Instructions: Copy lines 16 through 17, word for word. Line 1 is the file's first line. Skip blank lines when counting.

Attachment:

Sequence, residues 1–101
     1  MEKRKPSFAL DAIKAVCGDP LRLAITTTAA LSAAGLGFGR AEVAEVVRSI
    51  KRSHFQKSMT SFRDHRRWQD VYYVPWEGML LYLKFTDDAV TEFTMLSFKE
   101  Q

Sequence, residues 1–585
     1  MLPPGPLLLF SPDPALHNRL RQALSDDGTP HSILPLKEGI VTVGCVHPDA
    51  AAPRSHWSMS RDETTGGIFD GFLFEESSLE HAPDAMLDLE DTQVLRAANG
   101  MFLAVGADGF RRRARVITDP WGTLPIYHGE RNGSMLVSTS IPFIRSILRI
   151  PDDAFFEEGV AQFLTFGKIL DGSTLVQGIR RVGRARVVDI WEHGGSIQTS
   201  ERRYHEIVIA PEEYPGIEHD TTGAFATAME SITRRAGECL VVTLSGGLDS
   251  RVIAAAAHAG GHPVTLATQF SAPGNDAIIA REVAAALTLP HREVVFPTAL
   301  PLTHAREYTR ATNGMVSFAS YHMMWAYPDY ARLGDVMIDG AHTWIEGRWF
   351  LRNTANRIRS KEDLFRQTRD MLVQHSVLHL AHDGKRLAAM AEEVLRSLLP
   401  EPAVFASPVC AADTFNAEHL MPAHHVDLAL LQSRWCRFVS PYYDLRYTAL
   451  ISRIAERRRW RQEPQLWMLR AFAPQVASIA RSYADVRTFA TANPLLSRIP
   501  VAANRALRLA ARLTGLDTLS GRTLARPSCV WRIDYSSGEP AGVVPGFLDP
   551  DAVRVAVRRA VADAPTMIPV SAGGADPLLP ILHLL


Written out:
   501  VAANRALRLA ARLTGLDTLS GRTLARPSCV WRIDYSSGEP AGVVPGFLDP
   551  DAVRVAVRRA VADAPTMIPV SAGGADPLLP ILHLL